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    Startups get cash they don’t need yet

    NEW YORK — Quora, a question-and-answer website, didn’t need to raise money. It had barely touched $60 million in venture capital it accepted just two years ago.

    Yet the California company, which has no revenue and just 70 employees, recently said it had raised an additional $80 million.

    The eye-popping investment — for no obvious immediate purpose — was the latest example of a dynamic reshaping Silicon Valley: Startups, already flush with cash, are piling on the investment dollars.


    Of the 100 largest venture capital rounds on record, 88 were issued within the past five years, according to CrunchBase, which tracks venture funding. Each delivered more than $50 million to the companies.

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    “The more capital you have in the bank, the more comfortable and confident you can be,” said Marc Bodnick, a former venture capitalist who runs Quora’s business operations. “It was really that simple.”

    Several factors are driving the proliferation of big late-stage investments. Technology startups are staying private longer, venture capital firms are looking to put idle funds to work, and institutional investors are chasing returns in fast-growing private companies.

    For technology companies eager to achieve the highest possible valuation on the road to a sale or an initial public offering, this means it is easier than ever to raise mega-rounds.

    At the same time, the flood of money is inflating the valuations of early-stage companies and stoking fears of another dot-com bubble.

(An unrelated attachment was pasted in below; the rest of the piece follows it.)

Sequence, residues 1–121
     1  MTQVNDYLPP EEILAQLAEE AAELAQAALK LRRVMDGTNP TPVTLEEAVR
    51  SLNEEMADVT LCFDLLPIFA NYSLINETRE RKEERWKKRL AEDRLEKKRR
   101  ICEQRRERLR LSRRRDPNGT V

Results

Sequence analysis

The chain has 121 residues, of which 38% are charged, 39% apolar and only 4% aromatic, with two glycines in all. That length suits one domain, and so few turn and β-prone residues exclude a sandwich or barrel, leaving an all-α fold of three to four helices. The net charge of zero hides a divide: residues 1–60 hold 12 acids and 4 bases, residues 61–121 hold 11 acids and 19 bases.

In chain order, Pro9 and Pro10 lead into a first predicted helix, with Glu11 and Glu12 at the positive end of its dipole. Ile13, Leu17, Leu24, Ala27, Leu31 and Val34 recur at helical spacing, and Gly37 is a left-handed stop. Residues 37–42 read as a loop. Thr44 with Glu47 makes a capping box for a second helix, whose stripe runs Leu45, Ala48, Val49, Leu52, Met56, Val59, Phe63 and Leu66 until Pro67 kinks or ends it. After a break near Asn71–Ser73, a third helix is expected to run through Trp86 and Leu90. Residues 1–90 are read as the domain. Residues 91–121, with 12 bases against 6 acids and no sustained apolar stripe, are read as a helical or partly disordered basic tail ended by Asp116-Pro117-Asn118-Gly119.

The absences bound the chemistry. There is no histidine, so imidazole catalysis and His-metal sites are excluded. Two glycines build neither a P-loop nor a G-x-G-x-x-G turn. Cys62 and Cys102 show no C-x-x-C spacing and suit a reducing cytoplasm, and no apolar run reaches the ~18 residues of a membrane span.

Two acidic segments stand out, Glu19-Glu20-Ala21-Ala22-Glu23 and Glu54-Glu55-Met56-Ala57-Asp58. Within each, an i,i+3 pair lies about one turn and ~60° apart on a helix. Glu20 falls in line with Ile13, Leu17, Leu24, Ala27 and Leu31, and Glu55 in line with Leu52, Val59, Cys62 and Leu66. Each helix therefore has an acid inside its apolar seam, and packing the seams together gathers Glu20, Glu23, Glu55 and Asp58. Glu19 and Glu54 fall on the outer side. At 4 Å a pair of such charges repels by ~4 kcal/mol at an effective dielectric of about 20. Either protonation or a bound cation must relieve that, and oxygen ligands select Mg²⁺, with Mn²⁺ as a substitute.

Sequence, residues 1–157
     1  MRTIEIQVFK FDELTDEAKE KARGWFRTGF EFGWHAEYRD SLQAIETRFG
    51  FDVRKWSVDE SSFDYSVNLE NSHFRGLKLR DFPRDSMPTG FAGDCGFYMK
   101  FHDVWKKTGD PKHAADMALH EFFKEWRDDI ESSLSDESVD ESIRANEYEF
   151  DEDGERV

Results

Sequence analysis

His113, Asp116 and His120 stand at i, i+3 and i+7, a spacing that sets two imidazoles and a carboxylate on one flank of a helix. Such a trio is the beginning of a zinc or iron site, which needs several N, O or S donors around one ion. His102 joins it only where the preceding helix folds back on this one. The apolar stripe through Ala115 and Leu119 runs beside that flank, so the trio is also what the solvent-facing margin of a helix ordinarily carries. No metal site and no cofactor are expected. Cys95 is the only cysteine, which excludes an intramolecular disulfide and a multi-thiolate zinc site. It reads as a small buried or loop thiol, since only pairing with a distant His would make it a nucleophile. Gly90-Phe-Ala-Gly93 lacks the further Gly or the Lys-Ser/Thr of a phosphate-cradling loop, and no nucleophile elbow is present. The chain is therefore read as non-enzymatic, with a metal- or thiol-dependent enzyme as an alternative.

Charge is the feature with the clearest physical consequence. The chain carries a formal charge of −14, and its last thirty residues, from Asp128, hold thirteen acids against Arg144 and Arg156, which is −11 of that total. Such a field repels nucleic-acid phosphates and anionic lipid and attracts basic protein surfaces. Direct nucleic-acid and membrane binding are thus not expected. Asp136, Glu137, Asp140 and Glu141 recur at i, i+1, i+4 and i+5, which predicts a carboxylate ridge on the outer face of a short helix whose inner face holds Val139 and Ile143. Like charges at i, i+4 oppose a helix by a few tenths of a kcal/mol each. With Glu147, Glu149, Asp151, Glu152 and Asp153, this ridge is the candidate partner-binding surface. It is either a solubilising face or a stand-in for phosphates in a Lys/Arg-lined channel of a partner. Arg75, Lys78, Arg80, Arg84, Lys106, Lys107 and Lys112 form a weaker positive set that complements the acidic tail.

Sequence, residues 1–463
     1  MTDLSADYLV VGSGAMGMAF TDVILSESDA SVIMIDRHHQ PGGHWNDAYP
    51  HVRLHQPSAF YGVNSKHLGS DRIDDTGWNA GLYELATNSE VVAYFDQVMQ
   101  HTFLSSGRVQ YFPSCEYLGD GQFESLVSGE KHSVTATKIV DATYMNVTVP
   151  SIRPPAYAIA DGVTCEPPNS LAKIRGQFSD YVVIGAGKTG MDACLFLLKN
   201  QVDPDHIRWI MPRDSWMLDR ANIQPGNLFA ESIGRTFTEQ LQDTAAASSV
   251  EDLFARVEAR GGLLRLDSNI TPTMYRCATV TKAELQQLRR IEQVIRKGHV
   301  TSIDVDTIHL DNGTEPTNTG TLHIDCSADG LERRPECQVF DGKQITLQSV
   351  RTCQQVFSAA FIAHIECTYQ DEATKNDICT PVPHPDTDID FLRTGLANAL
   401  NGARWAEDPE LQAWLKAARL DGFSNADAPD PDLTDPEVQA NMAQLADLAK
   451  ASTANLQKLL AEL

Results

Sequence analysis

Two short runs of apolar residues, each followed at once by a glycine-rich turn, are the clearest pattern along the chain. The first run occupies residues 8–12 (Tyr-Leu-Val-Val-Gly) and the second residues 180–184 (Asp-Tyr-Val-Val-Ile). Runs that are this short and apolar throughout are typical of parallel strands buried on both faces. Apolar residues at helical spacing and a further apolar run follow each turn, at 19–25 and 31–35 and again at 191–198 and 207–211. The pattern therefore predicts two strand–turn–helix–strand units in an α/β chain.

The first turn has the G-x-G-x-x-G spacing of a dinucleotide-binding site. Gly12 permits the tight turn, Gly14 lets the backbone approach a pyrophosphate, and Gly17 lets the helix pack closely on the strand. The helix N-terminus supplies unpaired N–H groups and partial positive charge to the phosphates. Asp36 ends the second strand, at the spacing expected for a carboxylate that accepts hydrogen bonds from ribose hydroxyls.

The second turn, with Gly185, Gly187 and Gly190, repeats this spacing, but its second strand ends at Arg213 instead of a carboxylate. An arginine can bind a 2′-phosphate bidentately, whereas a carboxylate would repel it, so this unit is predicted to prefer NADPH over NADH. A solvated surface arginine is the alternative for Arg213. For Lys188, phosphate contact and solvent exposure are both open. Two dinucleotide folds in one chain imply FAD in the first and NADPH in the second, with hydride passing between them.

Late-stage rounds have grown enormously. The average size so far this year is $44.1 million, the highest level in the past five years and up 77 percent from last year, according to CB Insights.

    This month, Airbnb, the home-sharing site, neared a deal to raise as much as $500 million from investors like TPG Growth, T. Rowe, and Dragoneer Investment Group, according to people briefed on the matter. And two weeks ago, Lyft raised $250 million from Alibaba Group of China and Daniel S. Loeb’s investment firm, Third Point — despite being widely regarded as significantly behind the leader in the car service industry, Uber.

    Some venture capitalists warn the current rush of big late-stage funding could reduce entrepreneurs’ discipline. A number of investors cite, an e-commerce startup that raised $150 million last summer at the tender age of two years.Fab’s chief executive, Jason Goldberg, defended the move as a way to open up business opportunities. Yet an overambitious expansion plan and falling sales led to a painful retrenchment.

    And Alfred Lin, a partner at Sequoia Capital, conceded that investors were spending less and less time conducting due diligence.

    Venture capitalists are increasingly being joined by hedge funds and private equity firms chasing huge returns. Among the top investors in fund-raising rounds that collected over $100 million are Digital Sky Technologies and Tiger Global Management, which ranked alongside traditional venture capital firms like Andreessen Horowitz and Kleiner Perkins Caufield & Byers, according to CB Insights.


    Also joining the fray are mutual funds like T. Rowe Price and Fidelity Investments. Often, such firms are given access to promising startups with the understanding they would remain investors even after an IPO.

    And some hedge funds are even transforming themselves into so-called growth capital firms that invest in older startups. Coatue Management, for example, is planning on raising a $500 million fund devoted to the kinds of investments that the firm has made in companies like Snapchat and the last-minute hotel booking site Hotel Tonight.

    “In a prior generation, companies would raise just as much money as they needed as they approached the next milestone,” said Norm Fogelsong, a partner with Institutional Venture Partners. “Today companies can raise money well ahead of any actual need.”